Adorn: Viking Ring
Guest blog by Carolyn Wingfield, Curator at Saffron Walden Museum
This ring was found by a metal-detectorist near Thaxted, Essex in 2013. After it was reported under the Treasure Act (1996), it was purchased for Saffron Walden Museum’s archaeology collections by Saffron Walden Museum Society Ltd, with the assistance of the Arts Council England / Victoria and Albert Museum Purchase Grant Fund and the Headley Trust.
The ring was made by twisting strands of gold wire, a style associated with the Vikings – people from Scandinavian countries (Denmark, Norway, Sweden) who raided, traded and settled across northern Europe over a thousand years ago. It probably dates from around AD 900 – 1200.
The size and weight of the ring, 35mm across and weighing over 32 grams, suggest that it was most likely worn by a man. X-ray fluorescence analysis at the British Museum’s Department of Conservation and Scientific Research revealed that the metal is over 95% gold, the rest being silver and copper.
Sometimes detail can be important. The diamond-shaped plate on the back of the Thaxted ring is thought to be a Scandinavian feature, because it is also found on rings from the Viking homelands. In other words, it was probably made by a Viking goldsmith in Denmark, Norway or southern Sweden, rather than an Anglo-Saxon smith working for Vikings in eastern England.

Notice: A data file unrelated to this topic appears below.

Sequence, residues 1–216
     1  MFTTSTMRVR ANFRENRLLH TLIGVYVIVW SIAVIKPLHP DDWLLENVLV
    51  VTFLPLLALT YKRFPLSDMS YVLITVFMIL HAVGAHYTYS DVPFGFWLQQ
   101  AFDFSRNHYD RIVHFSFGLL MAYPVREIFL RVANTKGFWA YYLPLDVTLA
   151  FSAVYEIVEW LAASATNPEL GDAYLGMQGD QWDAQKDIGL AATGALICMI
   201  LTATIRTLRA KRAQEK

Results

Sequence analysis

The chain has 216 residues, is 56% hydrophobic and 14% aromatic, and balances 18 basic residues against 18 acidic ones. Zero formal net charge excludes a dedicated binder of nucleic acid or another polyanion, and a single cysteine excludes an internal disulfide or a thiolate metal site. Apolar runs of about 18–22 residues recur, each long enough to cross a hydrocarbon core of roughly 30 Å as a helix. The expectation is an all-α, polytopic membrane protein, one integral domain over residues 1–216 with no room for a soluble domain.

We cannot tell who lost the ring, or why. Such objects could easily be traded or passed from one person to another. To the Vikings, such jewellery acted as portable currency and a sign of status.
We were thrilled to acquire this ring for Saffron Walden Museum because the presence of Vikings in Essex is often hard to find in the archaeological record, but this large, showy ring brings them to life. You can imagine this worn by a Viking, and it complements the woman’s silver pendant necklace in Viking style, which was found in a burial in Saffron Walden and is also in our collections.
Loaning this ring and other objects to the Adorn exhibition gave us the opportunity to share some of our special exhibits with a wider audience. It also allowed us to see these objects in a new context, with a fabulous range of other jewellery and archaeological finds from across the county. Seeing the jewellery created by contemporary Essex jewellers made me think about the goldsmith who made our Viking ring; I wonder what they would have thought of it being in an exhibition a thousand years later?